Blade failures:Analyzing the failures of earlier wind turbines it is easy to see the major source of problems. Manufactures of these systems designed their blades with a goal of reaping all available power from the wind, which required elaborate pitch control mechanisms. They were designed to run within a certain wind speed range and then shut down if that range was exceeded. Although they worked reasonably well, they were both expensive and prone to failure. Because of the difficulty and expense of making the repairs, failures like these often rendered the turbines useless.
A worthy blade must be able to start the rotor at minimal wind speeds. It also must loose efficiency at a speed that is at or near the maximum output of the generator. If it quits to early we don’t get the maximum out of the generator. If it hangs in to long our generator is driven at an overload and we may damage the windings in the motor. The number of blades, length, overall size, profile, and pitch all has a profound effect on the operating range of our generator.
Arriving at our final design required some research and a lot of trial and error. In the corner at the far end of the shop there are many sets of blades that at their moment were “the” blades, nine sets in all. Most of them performed exactly how they were supposed to. It just didn’t happen to be the performance we were looking for. In the end we have a blade, which is really two blades in one. The profile near the hub provides great power (lift) at lower wind speeds and produces drag at higher wind speeds. As we approach the mid-way point of the blade it changes into a higher speed low drag profile, which really balances out performance.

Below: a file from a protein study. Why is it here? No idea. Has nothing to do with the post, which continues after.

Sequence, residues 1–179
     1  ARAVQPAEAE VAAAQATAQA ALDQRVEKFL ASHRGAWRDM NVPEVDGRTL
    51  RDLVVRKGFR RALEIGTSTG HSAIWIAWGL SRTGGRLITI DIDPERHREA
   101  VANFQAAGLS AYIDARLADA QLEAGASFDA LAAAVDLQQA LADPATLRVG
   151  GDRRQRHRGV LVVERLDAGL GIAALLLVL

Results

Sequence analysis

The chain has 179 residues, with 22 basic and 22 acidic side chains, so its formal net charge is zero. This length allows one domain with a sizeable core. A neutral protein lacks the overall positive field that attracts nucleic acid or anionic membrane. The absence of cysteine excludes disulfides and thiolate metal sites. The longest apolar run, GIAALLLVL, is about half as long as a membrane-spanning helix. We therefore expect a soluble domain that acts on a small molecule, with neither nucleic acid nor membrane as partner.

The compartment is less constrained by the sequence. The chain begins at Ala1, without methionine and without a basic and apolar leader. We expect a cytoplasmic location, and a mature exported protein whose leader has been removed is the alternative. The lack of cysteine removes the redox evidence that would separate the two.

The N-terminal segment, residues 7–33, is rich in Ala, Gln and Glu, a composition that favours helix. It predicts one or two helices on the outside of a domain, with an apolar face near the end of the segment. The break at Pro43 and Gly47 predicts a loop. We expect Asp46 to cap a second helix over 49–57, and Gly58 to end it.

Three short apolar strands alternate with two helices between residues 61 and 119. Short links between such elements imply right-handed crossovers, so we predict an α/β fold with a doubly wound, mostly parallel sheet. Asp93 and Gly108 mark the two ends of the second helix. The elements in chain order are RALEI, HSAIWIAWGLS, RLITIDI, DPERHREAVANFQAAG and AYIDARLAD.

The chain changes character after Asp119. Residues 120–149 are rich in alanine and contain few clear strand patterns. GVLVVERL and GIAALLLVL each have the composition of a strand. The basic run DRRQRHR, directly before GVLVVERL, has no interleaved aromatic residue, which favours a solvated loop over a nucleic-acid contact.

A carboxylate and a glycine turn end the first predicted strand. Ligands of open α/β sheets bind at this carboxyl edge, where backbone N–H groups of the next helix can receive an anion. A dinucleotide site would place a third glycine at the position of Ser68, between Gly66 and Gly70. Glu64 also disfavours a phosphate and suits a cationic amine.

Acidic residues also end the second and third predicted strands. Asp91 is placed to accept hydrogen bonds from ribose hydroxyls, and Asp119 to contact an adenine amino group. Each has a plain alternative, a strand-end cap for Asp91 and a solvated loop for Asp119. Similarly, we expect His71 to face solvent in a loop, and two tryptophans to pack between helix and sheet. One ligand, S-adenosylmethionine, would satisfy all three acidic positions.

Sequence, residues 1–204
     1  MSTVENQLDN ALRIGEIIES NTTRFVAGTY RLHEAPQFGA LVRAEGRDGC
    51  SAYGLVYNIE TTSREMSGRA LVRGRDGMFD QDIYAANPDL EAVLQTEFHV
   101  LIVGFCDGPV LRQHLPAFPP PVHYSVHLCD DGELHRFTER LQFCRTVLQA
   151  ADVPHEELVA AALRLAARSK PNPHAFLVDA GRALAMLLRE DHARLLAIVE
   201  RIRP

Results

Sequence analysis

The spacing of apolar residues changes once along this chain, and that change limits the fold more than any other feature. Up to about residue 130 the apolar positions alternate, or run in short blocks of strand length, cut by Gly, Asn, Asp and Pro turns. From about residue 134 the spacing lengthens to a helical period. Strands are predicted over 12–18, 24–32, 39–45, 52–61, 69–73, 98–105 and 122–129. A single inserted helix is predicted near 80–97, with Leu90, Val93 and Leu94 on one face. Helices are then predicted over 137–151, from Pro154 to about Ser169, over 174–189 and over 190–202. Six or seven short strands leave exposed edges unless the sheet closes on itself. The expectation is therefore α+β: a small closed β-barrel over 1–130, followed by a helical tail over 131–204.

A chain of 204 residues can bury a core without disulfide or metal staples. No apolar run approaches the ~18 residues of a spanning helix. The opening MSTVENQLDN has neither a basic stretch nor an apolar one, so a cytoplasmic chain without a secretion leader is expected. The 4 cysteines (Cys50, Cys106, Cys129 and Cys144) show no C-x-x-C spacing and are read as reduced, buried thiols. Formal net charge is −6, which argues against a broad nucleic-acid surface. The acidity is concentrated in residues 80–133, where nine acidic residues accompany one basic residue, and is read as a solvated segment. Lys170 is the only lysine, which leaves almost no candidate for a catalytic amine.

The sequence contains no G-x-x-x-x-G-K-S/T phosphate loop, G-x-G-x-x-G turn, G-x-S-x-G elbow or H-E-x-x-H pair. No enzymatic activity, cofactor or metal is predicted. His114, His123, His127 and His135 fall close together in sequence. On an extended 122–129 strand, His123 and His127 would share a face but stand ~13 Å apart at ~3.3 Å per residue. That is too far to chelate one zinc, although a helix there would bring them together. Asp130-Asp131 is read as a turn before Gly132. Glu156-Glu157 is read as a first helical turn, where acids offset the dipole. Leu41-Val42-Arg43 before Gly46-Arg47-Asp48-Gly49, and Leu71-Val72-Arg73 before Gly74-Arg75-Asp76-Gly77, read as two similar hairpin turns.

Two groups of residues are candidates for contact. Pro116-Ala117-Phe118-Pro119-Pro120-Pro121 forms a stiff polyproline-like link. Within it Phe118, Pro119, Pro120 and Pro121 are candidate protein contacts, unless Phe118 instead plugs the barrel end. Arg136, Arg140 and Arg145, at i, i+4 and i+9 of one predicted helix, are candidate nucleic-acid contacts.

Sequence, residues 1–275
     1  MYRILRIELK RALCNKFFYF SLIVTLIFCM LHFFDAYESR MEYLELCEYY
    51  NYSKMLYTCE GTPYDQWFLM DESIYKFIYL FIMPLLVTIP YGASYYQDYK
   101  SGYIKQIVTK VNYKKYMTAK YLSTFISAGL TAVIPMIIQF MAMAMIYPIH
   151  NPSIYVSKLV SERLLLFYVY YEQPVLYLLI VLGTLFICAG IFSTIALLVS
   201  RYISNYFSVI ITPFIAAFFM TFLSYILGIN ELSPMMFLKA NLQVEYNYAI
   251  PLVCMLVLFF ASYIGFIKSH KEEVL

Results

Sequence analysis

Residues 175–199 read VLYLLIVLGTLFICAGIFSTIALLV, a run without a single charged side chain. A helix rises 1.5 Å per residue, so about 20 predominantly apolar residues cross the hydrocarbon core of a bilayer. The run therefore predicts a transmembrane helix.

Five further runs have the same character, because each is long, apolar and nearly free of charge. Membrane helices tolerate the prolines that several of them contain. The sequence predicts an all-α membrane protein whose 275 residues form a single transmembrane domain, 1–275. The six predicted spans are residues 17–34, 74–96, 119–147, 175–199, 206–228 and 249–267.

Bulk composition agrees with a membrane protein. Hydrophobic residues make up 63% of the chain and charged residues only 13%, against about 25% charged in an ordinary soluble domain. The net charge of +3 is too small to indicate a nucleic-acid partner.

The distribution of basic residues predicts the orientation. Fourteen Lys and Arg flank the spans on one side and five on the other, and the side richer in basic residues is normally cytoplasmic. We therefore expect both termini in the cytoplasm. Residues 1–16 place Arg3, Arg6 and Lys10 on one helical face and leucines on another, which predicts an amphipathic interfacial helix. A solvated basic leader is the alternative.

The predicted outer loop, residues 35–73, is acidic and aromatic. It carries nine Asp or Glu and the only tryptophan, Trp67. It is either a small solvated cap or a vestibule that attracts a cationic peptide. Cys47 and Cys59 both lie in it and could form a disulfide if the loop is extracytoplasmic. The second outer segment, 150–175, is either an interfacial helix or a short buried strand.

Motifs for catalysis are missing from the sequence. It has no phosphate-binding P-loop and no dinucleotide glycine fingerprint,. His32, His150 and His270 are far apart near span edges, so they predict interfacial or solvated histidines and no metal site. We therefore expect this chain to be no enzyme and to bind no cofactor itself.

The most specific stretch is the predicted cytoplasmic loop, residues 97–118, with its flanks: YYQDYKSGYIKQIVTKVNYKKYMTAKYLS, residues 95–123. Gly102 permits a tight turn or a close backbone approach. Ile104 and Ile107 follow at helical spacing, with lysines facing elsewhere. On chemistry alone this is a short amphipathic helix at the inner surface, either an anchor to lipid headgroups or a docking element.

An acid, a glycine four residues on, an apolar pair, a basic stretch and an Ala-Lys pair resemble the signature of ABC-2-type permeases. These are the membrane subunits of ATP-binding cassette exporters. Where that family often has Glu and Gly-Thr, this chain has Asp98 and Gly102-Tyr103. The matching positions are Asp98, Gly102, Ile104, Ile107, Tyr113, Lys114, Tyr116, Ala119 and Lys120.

We believe that Breezy 5.5’s final rotor and blade design is the most dynamic we could hope for. A four blade upwind system, it reaches kick-in speed quickly. The output is very linear up to 23mph wind speed where it begins to top out at 5.5 kilowatt. The drag/lift properties of the rotor are at such proportion that wind speeds above 23 mph yield very little more output power alleviating the need for any pitch control at all. Sure, we have given up some output with such moderate approach, but we’ve got a reliable, long lasting rotor that has survived every straight-line wind gust that nature has thrown at it to date, some reaching nearly 70mph, and never missed a beat!!